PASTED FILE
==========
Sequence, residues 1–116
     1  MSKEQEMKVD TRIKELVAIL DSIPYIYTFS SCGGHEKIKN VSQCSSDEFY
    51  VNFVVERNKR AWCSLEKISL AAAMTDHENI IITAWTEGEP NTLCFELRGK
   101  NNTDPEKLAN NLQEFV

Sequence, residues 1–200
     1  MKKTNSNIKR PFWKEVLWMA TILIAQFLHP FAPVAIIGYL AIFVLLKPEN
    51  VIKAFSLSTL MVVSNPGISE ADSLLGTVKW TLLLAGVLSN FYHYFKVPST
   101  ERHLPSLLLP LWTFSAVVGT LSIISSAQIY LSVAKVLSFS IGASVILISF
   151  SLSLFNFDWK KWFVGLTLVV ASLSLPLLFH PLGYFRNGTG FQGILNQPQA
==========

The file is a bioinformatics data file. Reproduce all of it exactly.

Sequence, residues 1–116
     1  MSKEQEMKVD TRIKELVAIL DSIPYIYTFS SCGGHEKIKN VSQCSSDEFY
    51  VNFVVERNKR AWCSLEKISL AAAMTDHENI IITAWTEGEP NTLCFELRGK
   101  NNTDPEKLAN NLQEFV

Sequence, residues 1–200
     1  MKKTNSNIKR PFWKEVLWMA TILIAQFLHP FAPVAIIGYL AIFVLLKPEN
    51  VIKAFSLSTL MVVSNPGISE ADSLLGTVKW TLLLAGVLSN FYHYFKVPST
   101  ERHLPSLLLP LWTFSAVVGT LSIISSAQIY LSVAKVLSFS IGASVILISF
   151  SLSLFNFDWK KWFVGLTLVV ASLSLPLLFH PLGYFRNGTG FQGILNQPQA